>Published on EdSurge 6.20.16
The term “user experience” or “UX” wasn’t always an overused Silicon Valley buzzword. Coined in the mid ‘90s by Don Norman, while he was vice president of advanced technology at Apple, it refers to an abstract way to describe the relationship between a product and a human. Back then, Norman argued that technology must evolve to put user needs first—the opposite of how things were done at the time. It wasn’t until 2005 that UX gained mainstream relevance: 42 million iPods were sold that year and the mass market experienced great design at scale.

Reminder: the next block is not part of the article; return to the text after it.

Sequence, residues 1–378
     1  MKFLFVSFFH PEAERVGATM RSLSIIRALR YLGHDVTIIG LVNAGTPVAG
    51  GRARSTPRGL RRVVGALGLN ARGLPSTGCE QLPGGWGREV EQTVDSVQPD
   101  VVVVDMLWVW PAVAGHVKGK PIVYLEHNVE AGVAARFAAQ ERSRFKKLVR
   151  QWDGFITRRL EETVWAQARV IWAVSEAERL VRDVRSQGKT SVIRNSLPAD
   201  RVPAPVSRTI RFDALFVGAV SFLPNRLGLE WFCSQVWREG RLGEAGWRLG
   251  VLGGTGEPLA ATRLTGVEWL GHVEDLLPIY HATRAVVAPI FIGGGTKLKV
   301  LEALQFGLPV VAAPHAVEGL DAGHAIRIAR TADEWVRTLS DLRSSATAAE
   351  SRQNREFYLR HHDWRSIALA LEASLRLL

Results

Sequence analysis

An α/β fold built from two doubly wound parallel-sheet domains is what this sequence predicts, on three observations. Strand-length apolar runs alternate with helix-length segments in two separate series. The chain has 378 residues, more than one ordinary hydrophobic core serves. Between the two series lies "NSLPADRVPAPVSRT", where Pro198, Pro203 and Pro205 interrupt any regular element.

Not long after, run-of-the-mill software engineers—once in high demand—weren’t as competitive in the job market. Job descriptions and expectations shifted from putting information online to tailoring the online experience to the needs of end users. The field of User Experience Design was born. Today, it is among the country’s fastest growing job categories.